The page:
I’d like to give a status update to the community about the recently-added hot/cold splitting pass. I’ll provide some motivation for the pass, describe its implementation, summarize recent/ongoing work, and share early results.
We (at Apple) have found that memory pressure from resident pages of code is significant on embedded devices. In particular, this pressure spikes during app launches. We’ve been looking into ways to reduce memory pressure. Hot/cold splitting is one part of a solution.
The hot/cold splitting pass identifies cold basic blocks and moves them into separate functions. The linker must order newly-created cold functions away from the rest of the program (say, into a cold section). The idea here is to have these cold pages faulted in relatively infrequently (if at all), and to improve the memory locality of code outside of the cold area.
The pass considers profile data, traps, uses of the
cold** attribute, and exception-handling code to identify cold blocks. If the pass identifies a cold region that’s profitable to extract, it uses LLVM’s CodeExtractor utility to split the region out of its original function. Newly-created cold functions are marked
minsize (-Oz). The splitting process may occur multiple times per function.
The choice to perform splitting at the IR level gave us a lot of flexibility. It allowed us to quickly target different architectures and evaluate new phase orderings. It also made it easier to split out highly complex subgraphs of CFGs (with both live-ins and live-outs). One disadvantage is that we cannot easily split out EH pads (llvm.org/PR39545). However, our experiments show that doing so only increases the total amount of split code by 2% across the entire iOS shared cache.
Aditya and Sebastian contributed the hot/cold splitting pass in September 2018 (r341669). Since then, work on the pass has continued steadily. It gained the ability to extract larger cold regions (r345209), compile-time improvements (r351892, r351894), and a more effective cost model (r352228). With some experimentation, we found that scheduling splitting before inlining gives better code size results without regressing memory locality (r352080). Along the way, CodeExtractor got better at handling debug info (r344545, r346255), and a few other issues in this utility were fixed (r348205, r350420).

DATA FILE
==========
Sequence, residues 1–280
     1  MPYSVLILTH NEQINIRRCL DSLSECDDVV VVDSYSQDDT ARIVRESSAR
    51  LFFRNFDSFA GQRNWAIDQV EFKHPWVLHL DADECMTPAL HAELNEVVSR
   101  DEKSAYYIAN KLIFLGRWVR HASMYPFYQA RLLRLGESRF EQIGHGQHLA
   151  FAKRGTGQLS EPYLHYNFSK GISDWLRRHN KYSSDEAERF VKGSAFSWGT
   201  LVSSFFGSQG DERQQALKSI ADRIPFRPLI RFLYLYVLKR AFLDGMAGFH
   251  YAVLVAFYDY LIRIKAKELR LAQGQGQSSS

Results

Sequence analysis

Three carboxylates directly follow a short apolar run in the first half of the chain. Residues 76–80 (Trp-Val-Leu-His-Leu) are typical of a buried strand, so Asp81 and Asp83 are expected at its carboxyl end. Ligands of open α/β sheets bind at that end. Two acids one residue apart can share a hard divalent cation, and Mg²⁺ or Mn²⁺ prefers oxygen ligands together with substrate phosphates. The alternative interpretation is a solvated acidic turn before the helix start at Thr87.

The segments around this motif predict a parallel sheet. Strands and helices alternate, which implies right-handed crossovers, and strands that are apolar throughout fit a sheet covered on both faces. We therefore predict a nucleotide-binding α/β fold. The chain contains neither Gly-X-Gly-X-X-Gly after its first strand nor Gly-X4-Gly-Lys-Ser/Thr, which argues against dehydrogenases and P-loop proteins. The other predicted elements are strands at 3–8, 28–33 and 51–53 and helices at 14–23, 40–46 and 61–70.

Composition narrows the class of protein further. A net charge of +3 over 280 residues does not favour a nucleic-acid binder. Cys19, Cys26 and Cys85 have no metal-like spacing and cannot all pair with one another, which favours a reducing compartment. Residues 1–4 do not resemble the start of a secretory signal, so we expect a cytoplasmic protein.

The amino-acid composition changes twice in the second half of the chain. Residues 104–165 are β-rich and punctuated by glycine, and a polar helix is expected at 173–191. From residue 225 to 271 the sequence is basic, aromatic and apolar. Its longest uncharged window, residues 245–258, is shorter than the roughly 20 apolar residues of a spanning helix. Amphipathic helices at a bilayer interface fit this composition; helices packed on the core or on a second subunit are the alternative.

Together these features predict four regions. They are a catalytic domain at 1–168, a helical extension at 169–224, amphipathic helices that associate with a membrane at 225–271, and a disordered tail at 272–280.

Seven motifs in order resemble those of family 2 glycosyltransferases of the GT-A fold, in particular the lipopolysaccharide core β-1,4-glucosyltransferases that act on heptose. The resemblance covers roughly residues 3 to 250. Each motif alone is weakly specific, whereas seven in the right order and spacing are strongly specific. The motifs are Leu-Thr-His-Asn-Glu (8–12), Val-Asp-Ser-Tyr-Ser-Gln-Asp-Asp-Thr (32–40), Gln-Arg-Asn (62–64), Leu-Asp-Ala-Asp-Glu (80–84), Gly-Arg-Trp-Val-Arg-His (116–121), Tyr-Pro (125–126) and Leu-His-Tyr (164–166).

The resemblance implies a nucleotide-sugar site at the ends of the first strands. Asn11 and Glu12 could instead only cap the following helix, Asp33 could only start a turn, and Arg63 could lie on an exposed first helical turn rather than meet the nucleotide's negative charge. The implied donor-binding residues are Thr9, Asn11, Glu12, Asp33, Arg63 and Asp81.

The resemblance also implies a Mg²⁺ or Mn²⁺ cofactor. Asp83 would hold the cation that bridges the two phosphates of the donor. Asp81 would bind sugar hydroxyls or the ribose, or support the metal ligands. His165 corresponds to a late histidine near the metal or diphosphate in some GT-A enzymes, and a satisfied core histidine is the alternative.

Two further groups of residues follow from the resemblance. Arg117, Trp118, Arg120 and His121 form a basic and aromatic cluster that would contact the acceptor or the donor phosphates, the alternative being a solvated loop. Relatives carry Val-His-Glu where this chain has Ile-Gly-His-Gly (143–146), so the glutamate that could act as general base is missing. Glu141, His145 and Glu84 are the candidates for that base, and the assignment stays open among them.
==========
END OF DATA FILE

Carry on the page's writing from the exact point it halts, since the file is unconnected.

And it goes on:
At this point, we’re able to build & run our software stack with hot/cold splitting enabled. We’d like to introduce a CC1 option to safely toggle splitting on/off (https://reviews.llvm.org/D57265). That would help experiment with and/or deploy the pass.
On internal memory benchmarks, we consistently saw that code page faults were more concentrated with splitting enabled. With splitting, the set of the most-frequently-accessed 95% (99%) of code pages was 10% (resp. 3.6%) smaller. We used a facility in the xnu VM to force pages to be faulted periodically, and ktrace, to collect this data. We settled on this approach because the alternatives (e.g. directly sampling RSS of various processes) gave unstable results, even when measures were taken to stabilize a device (e.g. disabling dynamic frequency switching, SMP, and various other features).
On arm64, the performance impact of enabling splitting in the LLVM test suite appears to be in the noise. We think this is because split code amount to just 0.1% of all the code in the test suite. Across the iOS shared cache we see that 0.9% of code is split, with higher percentages in key frameworks (e.g. 7% in libdispatch). For three internal benchmarks, we see geomean score improvements of 1.58%, 0.56%, and 0.27% respectively. We think these results are promising. I’d like to encourage others to evaluate the pass and share results.